Which was okay, I wasn’t looking for that kind of companionship. I wasn’t innocent or untouched by any means, having thrown myself at boys in school just to feel like I was beautiful and worthy of a males affection. They had all been mistakes, mistakes that I had allowed and, frankly, emboldened. James had been a breath of fresh air, which was why it was so upsetting when he left.
When school was finished I was just a few months into being seventeen. I initially had wanted to enrol in university right away, but I knew that if I attended I’d have to sacrifice shifts and if I did that then I’d lose the roof over my head. The rent was bounced back to its original price by this time, and I knew the landladies generosity only extended so far. I didn’t expect handouts. So in the meantime, I worked.
Eventually I felt like I was home, memories of my father only a thing of the past. I was on my own, solo. But I missed my mum, and I longed for her. I loved my mum, she was my best friend. When she killed herself, and my father had told me it was because I wasn’t good enough, I knew I had nothing left to live for there. And I was angry. I was angry she had ended her life. I tried to understand, but I couldn’t. I doubted I ever would. All I knew was that I missed her, and I was angry she had taken herself away from me. I knew I was being selfish, but it wasn’t as if my selfishness could bring her back.
I wondered if I ever truly forgave my father. He had belittled me my whole life, psychologically torturing me with his coldness and his manipulation. I had never felt he loved me before I ran away. I wasn’t even sure if he loved me after seeing me for the first time after all those years, after Zacharias returned me. He was kind to me, very charitable in the sum of cash he had given me, but the material things did not make up for a lack of emotional connection. I wasn’t sure my father knew how to love. I wasn’t sure if I ever forgave him for that.
He tried to be my friend, it seemed. And I’ll give credit where credit is due, my father made efforts to establish some sort of vague connection between us. But was it enough? I had tried to push back the memories of his abuse every time I faced him, and sometimes I could, but it would always resurface at some point. I’ll confess that I never fully bared my soul to him. I never wanted to expose a soft spot to him in fear he’d exploit me for it, hold it over my head and use it against me if things ever went sour again. I never allowed him to take control because if he fell back into his old patterns I wanted to be able to get out, and I wanted to be able to get out fast.
My father was intelligent, had a degree in business and such. I wasn’t surprised to hear that he ran his own business when I saw him because it was long overdue, but I was surprised that it had coincidentally been in the city I ran to. It made sense, however. The population there was growing exponentially because it was a city full of opportunity.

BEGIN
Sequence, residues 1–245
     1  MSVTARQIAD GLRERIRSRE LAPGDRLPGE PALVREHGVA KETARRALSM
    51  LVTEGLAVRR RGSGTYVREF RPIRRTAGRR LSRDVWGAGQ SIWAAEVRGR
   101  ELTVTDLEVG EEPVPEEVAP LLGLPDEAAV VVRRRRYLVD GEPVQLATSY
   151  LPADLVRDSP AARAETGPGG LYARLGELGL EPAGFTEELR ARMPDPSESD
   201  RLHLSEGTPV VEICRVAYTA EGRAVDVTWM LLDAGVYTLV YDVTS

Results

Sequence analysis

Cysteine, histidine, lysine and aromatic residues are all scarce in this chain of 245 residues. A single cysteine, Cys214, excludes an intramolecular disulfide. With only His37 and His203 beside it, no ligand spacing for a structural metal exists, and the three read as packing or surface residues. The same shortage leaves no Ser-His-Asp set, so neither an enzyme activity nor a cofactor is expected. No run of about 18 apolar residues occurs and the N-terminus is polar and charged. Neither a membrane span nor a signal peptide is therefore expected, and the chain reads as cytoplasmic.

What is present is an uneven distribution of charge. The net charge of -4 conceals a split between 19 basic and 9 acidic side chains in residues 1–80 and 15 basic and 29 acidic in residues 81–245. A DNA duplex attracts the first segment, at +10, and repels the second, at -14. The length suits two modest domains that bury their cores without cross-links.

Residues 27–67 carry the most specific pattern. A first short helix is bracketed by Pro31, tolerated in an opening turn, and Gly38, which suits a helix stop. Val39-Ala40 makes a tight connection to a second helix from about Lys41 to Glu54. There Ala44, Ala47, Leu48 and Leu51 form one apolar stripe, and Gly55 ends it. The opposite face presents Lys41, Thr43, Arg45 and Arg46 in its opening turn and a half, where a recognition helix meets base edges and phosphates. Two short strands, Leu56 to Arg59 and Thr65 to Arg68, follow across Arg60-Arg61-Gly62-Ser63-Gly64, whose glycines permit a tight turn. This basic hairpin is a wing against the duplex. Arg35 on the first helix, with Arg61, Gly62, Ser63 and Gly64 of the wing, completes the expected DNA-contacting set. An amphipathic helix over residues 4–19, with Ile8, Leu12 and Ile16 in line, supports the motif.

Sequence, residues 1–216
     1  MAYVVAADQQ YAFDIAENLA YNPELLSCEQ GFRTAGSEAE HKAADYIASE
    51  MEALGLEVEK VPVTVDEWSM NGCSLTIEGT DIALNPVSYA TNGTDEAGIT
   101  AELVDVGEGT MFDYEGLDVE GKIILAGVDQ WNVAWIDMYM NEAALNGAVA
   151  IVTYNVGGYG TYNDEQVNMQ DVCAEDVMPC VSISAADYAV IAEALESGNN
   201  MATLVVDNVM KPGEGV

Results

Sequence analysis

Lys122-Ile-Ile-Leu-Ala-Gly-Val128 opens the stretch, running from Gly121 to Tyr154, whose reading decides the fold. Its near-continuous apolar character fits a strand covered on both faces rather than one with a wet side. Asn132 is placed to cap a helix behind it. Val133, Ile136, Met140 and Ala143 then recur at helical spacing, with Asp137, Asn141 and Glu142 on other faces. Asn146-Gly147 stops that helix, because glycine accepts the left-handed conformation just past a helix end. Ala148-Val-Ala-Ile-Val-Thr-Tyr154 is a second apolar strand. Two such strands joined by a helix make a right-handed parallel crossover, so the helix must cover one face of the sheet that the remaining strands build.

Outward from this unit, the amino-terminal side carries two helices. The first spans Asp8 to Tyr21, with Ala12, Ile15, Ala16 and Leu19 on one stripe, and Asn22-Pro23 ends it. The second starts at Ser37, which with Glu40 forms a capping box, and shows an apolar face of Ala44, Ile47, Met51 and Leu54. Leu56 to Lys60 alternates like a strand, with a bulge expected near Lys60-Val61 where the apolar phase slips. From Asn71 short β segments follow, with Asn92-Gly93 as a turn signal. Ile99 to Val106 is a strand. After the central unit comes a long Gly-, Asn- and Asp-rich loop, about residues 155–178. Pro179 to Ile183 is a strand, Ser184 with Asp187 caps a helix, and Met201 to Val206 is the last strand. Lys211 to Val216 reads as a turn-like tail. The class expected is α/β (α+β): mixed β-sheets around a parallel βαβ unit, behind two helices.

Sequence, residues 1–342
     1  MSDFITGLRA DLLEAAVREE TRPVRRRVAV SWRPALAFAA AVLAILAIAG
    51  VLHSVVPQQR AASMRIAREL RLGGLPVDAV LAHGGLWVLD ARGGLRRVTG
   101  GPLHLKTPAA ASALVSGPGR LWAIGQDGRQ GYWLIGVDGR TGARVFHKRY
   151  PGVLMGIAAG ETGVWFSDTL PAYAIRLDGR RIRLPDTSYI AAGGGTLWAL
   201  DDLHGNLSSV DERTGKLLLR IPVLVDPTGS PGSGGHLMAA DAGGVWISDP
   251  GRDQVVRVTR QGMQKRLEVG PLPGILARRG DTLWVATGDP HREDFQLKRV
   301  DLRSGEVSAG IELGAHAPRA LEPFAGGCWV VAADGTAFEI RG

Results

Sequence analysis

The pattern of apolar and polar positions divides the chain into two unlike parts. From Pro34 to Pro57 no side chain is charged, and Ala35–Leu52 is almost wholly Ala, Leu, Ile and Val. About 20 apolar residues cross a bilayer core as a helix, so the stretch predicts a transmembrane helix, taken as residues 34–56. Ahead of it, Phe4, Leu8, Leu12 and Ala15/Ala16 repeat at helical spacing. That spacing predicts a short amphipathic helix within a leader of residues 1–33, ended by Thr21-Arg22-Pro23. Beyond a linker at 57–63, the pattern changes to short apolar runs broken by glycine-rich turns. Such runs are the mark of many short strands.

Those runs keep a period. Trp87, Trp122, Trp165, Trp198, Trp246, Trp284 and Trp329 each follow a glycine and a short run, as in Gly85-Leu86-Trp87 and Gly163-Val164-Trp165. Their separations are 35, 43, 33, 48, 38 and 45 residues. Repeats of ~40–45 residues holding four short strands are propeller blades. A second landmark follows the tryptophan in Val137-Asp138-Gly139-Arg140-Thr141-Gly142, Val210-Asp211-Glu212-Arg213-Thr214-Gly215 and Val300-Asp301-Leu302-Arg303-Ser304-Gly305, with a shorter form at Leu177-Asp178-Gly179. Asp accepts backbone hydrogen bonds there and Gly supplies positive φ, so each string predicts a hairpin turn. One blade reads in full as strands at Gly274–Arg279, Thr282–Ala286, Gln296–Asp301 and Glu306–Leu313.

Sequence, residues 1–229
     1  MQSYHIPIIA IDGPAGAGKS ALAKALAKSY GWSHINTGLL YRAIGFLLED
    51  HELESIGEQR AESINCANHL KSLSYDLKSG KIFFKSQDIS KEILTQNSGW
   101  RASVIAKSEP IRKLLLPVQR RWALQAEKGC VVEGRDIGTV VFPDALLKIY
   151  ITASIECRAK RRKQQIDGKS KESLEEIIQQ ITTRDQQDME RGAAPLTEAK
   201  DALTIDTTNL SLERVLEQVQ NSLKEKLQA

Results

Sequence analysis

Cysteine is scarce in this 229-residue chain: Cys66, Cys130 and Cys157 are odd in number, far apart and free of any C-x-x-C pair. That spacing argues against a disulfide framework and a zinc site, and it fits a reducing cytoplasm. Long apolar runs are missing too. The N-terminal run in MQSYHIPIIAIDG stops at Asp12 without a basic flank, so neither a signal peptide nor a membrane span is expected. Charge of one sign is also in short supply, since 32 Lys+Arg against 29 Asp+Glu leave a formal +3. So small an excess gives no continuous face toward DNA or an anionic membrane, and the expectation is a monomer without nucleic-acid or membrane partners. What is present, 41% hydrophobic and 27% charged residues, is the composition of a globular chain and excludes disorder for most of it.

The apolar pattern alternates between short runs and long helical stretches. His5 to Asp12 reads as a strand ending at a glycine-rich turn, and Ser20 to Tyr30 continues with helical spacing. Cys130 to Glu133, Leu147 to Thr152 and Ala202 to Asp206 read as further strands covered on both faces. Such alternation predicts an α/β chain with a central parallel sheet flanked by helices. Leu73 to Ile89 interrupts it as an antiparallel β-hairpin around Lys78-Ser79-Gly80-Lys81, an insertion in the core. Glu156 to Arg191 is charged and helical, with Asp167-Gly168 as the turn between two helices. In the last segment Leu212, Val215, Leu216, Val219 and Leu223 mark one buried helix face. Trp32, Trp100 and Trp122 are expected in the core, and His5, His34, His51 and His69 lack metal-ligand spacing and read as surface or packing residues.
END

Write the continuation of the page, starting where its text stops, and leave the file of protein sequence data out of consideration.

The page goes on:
I attended post-secondary there, and the student loans added up to what felt like the cost of a mortgage. He had offered me a job, but I was quick to decline. I wanted to be independent, wanted to better myself by myself. I didn’t want him to help me; I didn’t feel he would be able to help me in the ways I needed him to. I liked my independence, and I was afraid by him helping me he would take that away. I liked being in control of my own life. I hadn’t been for twenty-four days prior to and it nearly drove me off the deep end.
University had lived up to the hype, and I enjoyed it. I walked out with a degree, with a handful of good friends that I was certain, had I stayed, would have been in my life for a very long time. I had clicked with the right kinds of people. I partied, got drunk, attended classes hungover, wrote exams. The whole time I felt like a scandal. I was hiding a secret. And that’s the funny thing about secrets, whenever you hide them you assume everyone is suspicious of you. Often, more often than not, they aren’t.
I hadn’t wanted to work in a hospital. I never enjoyed the hospital setting. There was something about the eggshell walls, the sterile smell, the ill people that flooded in and out, that made it a very implausible atmosphere for me. It might have been because I was afraid one day I’d turn around and run into the doctor who had treated me when I was returned and he’d tell me that I had made a mistake by eluding my blood test results. I likely had, but I could rule out the possibility of pregnancy. I didn’t want to know what they discovered. I believed I already did.
The recreation centre had been idyllic. I enjoyed working there. It was a more jovial, electric atmosphere. I worked with people of all ages in a setting that I couldn’t get sick of. I enjoyed rehabilitating people—helping people. I had never considered myself much of a people person, preferring to keep to myself, but once I got into physiotherapy I knew I hadn’t made a mistake.
I had expected maybe I’d get into a field where I’d help people that had gone through some serious emotional trauma—it’d have been more suitable and fitting, that’s for sure. But, to sound selfish again, I had my own problems that I was dealing with. And I knew that if I listened to other people’s dilemmas then I would take them home with me and blur the line between my personal life and my work life. I didn’t want a career that I had to take home. When I came home, I wanted to dedicate time to myself.